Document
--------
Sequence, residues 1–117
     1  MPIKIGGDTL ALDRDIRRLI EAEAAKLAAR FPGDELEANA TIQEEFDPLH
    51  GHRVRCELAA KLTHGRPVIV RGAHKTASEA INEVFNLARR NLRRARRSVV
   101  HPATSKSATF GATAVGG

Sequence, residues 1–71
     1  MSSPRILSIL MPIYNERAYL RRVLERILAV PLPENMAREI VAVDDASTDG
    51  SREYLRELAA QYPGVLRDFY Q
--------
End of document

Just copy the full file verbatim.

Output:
Sequence, residues 1–117
     1  MPIKIGGDTL ALDRDIRRLI EAEAAKLAAR FPGDELEANA TIQEEFDPLH
    51  GHRVRCELAA KLTHGRPVIV RGAHKTASEA INEVFNLARR NLRRARRSVV
   101  HPATSKSATF GATAVGG

Sequence, residues 1–71
     1  MSSPRILSIL MPIYNERAYL RRVLERILAV PLPENMAREI VAVDDASTDG
    51  SREYLRELAA QYPGVLRDFY Q